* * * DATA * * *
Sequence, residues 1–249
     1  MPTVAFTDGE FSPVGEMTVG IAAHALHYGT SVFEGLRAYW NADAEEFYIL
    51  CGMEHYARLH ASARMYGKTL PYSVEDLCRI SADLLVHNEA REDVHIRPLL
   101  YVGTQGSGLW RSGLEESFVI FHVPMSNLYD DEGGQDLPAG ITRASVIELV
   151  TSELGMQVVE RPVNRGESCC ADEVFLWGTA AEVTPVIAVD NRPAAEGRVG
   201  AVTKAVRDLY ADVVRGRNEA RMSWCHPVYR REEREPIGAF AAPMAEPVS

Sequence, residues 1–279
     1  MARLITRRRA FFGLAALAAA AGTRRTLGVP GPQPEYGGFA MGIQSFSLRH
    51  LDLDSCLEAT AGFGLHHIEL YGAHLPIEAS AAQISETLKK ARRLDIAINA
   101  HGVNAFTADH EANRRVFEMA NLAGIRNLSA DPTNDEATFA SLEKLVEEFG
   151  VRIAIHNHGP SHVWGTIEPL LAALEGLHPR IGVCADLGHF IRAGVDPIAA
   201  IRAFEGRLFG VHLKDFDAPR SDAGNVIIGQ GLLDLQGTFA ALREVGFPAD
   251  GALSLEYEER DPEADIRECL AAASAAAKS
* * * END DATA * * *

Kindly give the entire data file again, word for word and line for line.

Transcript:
Sequence, residues 1–249
     1  MPTVAFTDGE FSPVGEMTVG IAAHALHYGT SVFEGLRAYW NADAEEFYIL
    51  CGMEHYARLH ASARMYGKTL PYSVEDLCRI SADLLVHNEA REDVHIRPLL
   101  YVGTQGSGLW RSGLEESFVI FHVPMSNLYD DEGGQDLPAG ITRASVIELV
   151  TSELGMQVVE RPVNRGESCC ADEVFLWGTA AEVTPVIAVD NRPAAEGRVG
   201  AVTKAVRDLY ADVVRGRNEA RMSWCHPVYR REEREPIGAF AAPMAEPVS

Sequence, residues 1–279
     1  MARLITRRRA FFGLAALAAA AGTRRTLGVP GPQPEYGGFA MGIQSFSLRH
    51  LDLDSCLEAT AGFGLHHIEL YGAHLPIEAS AAQISETLKK ARRLDIAINA
   101  HGVNAFTADH EANRRVFEMA NLAGIRNLSA DPTNDEATFA SLEKLVEEFG
   151  VRIAIHNHGP SHVWGTIEPL LAALEGLHPR IGVCADLGHF IRAGVDPIAA
   201  IRAFEGRLFG VHLKDFDAPR SDAGNVIIGQ GLLDLQGTFA ALREVGFPAD
   251  GALSLEYEER DPEADIRECL AAASAAAKS